Thursday, 28 January 2010
You must not only time your food intake so that the fuel becomes available during the exercise period but you must eat the right food also . Food eaten before exercise should provide adequate carbohydrate. It should also be low in fat and moderate in fibre to make digestion easier and reduce the risk of gastrointestinal discomfort (belly ache!). Click here to get more detailed information about eating before exercise.
How much carbohydrate and how much protein should a triathlete eat as part of their diet? This continues to be a topic of much debate and there are a number of opinions out there. For more information about carbohydrates and protein intake in relation to exercise just click on the appropriate macro-nutrient!
This info should help you get through our Sunday morning double-header! Tim (LFTC Coach)
Tuesday, 26 January 2010
Sunday, 24 January 2010
Wednesday, 20 January 2010
Wednesday, 13 January 2010
Support triathlon at the grass roots level (I've signed up already)! Tim (LFTC Coach)
Tuesday, 12 January 2010
Rob Popper has been taking early morning running sessions at Millfields Park for the past year. The park is well lit, has railings to lock up bikes and a 1km well lit path for circuits, intervals and general training. Rob is happy to open up the session to members of the London Fields Triathlon Club. Sessions start promptly at 6:00am on a Tuesday morning. They run for about an hour and go something like this:
- 15-20 min of warm-ups
- 30-40 min of main set
- 5-10 min cool down and stretching
They also talk a lot about various training goals people have planned in their triathlon training year ahead, as well as things like the importance of hydration and nutrition for all the different skill levels and distances people might be training for.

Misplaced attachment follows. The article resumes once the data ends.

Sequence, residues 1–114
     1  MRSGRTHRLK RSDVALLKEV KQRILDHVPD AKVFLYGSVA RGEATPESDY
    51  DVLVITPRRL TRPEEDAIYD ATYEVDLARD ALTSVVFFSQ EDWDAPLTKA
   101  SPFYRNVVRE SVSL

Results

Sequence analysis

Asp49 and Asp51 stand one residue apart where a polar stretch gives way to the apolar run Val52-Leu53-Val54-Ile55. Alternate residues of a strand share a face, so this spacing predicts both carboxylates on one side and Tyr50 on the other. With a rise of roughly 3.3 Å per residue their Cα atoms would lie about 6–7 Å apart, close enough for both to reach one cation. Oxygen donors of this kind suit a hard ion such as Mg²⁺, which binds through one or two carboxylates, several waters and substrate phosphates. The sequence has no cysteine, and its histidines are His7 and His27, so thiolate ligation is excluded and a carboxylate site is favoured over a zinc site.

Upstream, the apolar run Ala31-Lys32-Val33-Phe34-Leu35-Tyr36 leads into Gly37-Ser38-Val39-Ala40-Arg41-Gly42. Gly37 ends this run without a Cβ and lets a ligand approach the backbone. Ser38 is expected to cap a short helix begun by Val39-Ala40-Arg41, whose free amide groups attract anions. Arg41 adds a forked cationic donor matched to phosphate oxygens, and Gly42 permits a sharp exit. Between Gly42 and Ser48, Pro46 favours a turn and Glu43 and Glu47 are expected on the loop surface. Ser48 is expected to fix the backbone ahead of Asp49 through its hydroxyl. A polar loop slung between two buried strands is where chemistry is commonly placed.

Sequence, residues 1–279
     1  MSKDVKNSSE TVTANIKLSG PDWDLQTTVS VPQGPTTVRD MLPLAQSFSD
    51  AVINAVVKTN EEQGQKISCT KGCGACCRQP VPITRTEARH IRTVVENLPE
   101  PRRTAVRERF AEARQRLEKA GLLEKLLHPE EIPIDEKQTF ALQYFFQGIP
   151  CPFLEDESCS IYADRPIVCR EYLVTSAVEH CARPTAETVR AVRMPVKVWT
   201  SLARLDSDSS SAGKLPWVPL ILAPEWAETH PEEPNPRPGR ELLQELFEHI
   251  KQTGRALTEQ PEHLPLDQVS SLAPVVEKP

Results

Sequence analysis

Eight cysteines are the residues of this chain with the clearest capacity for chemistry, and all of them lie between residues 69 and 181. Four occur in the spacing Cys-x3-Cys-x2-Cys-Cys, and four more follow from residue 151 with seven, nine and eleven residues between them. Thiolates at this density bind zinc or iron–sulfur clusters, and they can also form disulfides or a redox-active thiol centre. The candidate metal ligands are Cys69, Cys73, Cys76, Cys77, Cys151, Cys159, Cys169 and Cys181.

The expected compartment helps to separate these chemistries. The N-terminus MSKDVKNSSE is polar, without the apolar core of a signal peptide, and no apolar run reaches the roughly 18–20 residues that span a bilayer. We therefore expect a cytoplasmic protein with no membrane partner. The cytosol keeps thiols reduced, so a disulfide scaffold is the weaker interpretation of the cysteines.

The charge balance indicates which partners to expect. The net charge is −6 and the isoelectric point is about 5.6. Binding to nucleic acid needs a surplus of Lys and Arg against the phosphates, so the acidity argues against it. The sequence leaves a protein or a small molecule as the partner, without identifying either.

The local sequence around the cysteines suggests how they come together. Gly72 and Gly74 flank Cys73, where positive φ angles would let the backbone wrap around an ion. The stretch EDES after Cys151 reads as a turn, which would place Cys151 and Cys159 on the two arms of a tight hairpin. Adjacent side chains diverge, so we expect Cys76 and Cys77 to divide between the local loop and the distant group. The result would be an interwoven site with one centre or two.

They cater for all skill levels from complete novices for whom a 30-40 min main session is a challenge but one they want to achieve, up to European and World Age Group champions, Iron-people, and ultra-marathoners. Rob will teach you how to train smart, keep improving, and work with other athletes to be motivated and effective.
For the next few weeks, they will be doing some fun runs, with about 15 minutes of warm-ups and then 45-75 minutes of running along the canal and the marshes at an easy, conversational pace. They would usually structure it so that people who want to do the shorter run will be led back to Millfields Park by 7:00 am, and then the rest can carry on for another 30 minutes or so, depending on how much time people would like to spend running around the marshes or when they have to be back home.
Here is a location map: http://www.streetmap.co.uk/map.srf?X=535307&Y=186483&A=Y&Z=110 If you want to attend send us an email and we will put you in touch with Rob.
Go on get up early! Tim (LFTC Coach) and Rob
It seems we have created quite a stir with the establishment of the London Fields Triathlon Club. That’s great! However it means our swim session is very popular and tends to be fully booked well in advance. We only have one double lane available to us. To keep the session enjoyable and to have the right coach to athlete ratio we have to limit numbers. I have a few suggestions for those people that miss out:
- Have a look at our blog. Choose one of the sample swim sessions (or a part of it) and swim in one of the other lanes on Sunday morning so you can join us for the run.
- Have a look at the Outdoor Swimming Society's website. They also run coached sessions on a Sunday at the Lido. The block of sessions for Jan/Feb has already started but there may be places available. The sessions are coached by Swim For Tri. http://www.outdoorswimmingsociety.com/index.php?p=events&s=&id=35